Step 1. Build the KNIME workflow

 
 
In our case Paolo already provided me with the KNIME workflow Run KNIME in Jupyter via the KNIME Hub. The workflow deploys the machine learning model to predict flight departure delays (Fig. 6).

 

Step 2. Set up the KNIME package in a Jupyter Notebook

 
 
In the Command/Anaconda Prompt, enter

 

This installs the latest knimepy package. This package enables Jupyter Notebook to read and run KNIME workflows.

 

Step 3. Execute the KNIME workflow from a Jupyter Notebook

 
 
This is what I need to write in my Jupyter Notebook (Fig. 7 and Fig. 8) in order to import and run the selected KNIME workflow.

  • Import knime package
  • Import the paths to the KNIME executable, to the workspace, and to the KNIME workflow
  • The command knime.Workflow(...) visualizes the workflow. I use it to double check that Jupyter is pointing to the intended workflow (Fig. 7)
  • This instruction wf.data_table_inputs[0]=data_set passes the external data stored as DataFrame from Jupyter to the KNIME workflow (Fig. 7).
  • The wf.execute command executes the KNIME workflow
  • After the workflow is executed, the results are stored by default in wf.data_table_outputs[0] (Fig. 8)

Note. Make sure that the workflow being executed from Jupyter is not concurrently open in KNIME. This stalls execution as the workflow is already open for editing in KNIME.


Cutting Down Implementation Time by Integrating Jupyter and KNIME
Fig. 6. Setting up the workspace in Jupyter Notebook and displaying the selected KNIME workflow Run KNIME in Jupyter.

 

Cutting Down Implementation Time by Integrating Jupyter and KNIME
Fig. 7. Code for executing the workflow.

 

As of KNIME Analytics Platform 4.3, I can also call and execute KNIME workflows residing on a KNIME Server, rather than on my local client installation. This has three main advantages:

  • Improved scalability: Execution on a KNIME Server can exploit more computational power from another machine on premise, from a server in the cloud, or even parallel computation of several KNIME Executors or via KNIME Edge.
  • Greater accessibility: Anyone with credentials and an internet connection can use the shared KNIME workflow deployed on the KNIME Server from their Jupyter Notebook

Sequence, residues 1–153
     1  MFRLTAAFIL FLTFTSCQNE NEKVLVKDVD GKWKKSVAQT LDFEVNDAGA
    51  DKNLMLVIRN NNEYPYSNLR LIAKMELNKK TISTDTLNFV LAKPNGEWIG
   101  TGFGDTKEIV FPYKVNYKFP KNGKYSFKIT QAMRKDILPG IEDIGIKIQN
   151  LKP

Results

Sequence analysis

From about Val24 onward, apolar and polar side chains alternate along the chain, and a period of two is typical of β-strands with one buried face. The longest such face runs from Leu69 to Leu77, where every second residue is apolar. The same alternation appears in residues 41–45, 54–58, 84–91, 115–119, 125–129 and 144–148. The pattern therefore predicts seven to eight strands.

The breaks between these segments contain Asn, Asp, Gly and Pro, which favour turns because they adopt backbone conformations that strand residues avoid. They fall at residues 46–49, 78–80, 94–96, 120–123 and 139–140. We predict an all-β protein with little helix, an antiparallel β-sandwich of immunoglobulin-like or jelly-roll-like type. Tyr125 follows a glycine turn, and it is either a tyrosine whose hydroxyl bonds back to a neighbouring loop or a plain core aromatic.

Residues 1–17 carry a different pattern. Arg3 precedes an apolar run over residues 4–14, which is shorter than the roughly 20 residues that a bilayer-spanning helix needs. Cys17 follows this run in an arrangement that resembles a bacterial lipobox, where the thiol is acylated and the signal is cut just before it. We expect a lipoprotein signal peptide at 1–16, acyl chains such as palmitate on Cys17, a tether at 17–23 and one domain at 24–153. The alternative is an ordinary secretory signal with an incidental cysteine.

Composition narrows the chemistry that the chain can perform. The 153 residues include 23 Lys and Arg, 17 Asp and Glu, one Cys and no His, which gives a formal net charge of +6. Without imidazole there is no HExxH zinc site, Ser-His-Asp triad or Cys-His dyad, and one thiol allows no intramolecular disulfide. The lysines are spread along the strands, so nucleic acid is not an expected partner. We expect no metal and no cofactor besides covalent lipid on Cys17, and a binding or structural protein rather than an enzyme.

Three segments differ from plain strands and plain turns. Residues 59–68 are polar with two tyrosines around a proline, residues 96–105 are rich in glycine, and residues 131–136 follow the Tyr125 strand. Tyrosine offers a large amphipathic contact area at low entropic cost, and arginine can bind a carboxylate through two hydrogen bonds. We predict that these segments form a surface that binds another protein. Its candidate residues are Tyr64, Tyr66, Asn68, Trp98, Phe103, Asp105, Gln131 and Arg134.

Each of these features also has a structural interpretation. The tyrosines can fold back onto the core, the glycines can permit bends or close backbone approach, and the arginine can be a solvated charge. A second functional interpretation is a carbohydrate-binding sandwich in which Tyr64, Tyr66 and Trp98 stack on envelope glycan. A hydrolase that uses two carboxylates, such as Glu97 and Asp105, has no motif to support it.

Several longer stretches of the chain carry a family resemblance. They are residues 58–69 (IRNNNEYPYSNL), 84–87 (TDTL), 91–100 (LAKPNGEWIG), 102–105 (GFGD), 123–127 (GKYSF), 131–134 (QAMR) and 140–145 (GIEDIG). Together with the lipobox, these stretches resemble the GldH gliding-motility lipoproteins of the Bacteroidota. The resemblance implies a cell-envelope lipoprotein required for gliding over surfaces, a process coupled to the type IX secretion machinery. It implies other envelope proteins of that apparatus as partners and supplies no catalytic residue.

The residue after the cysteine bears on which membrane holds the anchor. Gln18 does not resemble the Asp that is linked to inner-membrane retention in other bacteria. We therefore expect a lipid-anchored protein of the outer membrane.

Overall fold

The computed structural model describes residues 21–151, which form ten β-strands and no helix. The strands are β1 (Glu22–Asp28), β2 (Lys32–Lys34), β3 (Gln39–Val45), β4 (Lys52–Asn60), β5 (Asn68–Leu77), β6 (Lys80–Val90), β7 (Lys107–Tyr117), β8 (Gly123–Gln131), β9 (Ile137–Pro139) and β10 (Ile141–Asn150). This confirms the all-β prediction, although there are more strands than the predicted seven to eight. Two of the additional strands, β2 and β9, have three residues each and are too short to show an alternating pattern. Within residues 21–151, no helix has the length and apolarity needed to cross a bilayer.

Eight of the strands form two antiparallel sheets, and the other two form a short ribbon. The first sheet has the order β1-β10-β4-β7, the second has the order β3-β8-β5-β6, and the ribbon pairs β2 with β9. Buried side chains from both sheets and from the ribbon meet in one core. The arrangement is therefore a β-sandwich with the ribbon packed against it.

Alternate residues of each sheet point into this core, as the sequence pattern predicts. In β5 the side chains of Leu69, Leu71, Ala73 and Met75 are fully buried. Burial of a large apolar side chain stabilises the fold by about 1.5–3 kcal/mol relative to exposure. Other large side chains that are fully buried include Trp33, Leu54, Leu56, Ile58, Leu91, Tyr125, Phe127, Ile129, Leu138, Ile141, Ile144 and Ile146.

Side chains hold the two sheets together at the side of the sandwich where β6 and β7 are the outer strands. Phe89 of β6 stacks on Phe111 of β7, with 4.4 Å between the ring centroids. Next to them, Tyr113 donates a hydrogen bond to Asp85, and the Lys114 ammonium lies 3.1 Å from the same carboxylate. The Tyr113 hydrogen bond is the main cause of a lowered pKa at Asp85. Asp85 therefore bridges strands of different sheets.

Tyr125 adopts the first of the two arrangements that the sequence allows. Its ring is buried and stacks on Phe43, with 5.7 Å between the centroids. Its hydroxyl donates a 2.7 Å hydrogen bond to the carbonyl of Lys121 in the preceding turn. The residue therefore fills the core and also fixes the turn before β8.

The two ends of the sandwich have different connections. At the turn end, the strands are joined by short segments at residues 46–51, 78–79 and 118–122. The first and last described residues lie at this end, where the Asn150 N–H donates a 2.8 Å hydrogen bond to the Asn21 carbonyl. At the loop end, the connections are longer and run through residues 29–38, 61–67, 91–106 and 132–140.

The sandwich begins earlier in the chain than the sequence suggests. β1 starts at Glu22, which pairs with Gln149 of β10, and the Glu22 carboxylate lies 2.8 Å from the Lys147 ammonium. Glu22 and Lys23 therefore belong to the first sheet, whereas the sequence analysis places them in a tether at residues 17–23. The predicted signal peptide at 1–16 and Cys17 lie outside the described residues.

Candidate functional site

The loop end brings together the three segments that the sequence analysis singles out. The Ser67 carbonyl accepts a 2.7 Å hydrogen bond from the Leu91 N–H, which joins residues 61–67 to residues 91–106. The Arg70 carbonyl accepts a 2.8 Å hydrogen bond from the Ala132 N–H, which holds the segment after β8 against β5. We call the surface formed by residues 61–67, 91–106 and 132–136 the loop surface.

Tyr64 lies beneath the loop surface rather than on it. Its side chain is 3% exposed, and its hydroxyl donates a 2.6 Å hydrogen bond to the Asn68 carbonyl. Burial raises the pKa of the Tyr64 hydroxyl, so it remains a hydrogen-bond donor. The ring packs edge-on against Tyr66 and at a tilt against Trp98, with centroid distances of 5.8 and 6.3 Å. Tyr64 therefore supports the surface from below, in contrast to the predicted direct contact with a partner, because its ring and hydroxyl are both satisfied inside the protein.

• Better security and versioning: Combining Jupyter Notebook with KNIME Analytics Platform usually implies data scientists with different backgrounds collaborating in an organization where data access might be restricted. KNIME Server offers a safe and consistent way for sharing workflows, data and Jupyter Notebook edit after edit.

The only change to the previous script consists in the path to the KNIME workflow on the KNIME server and the required username and password to access it, as shown in Fig. 8. This script is also available on GitHub repository. Also, in this case, there isn’t the need to specify the knime executer path like before.


Cutting Down Implementation Time by Integrating Jupyter and KNIME
Fig. 8. Code snippet to execute workflow on KNIME Server from Jupyter Notebook.

 

Collaboration is key!

 
 
The fact that you don’t need to choose between Jupyter Notebook and KNIME Analytics Platform is an excellent feature to foster collaboration in a team. By mixing and matching Jupyter Notebook scripts and KNIME workflow snippets we efficiently produced a very advanced set of applications to train, apply, and deploy machine learning models for predictions.

Coupling this strategy with the KNIME Server enterprise features enables even greater collaboration among data scientists with different backgrounds and tools.

Collaboration is always a key factor in a data science lab and whether you are looking for an open source solution or an enterprise one, KNIME software can help you there with its flexibility in integrating Jupyter and many other tools.

References:

 
Bio: Mahantesh Pattadkal is a data scientist at KNIME. The data science techniques he is interested in are machine learning, natural language processing, deep learning, predictive modeling and business analytics. He enjoys working with Python, SQL, Tensorflow/Keras, Pytorch, Excel, and R.

As first published in Low Code for Advanced Data Science.

Original. Reposted with permission.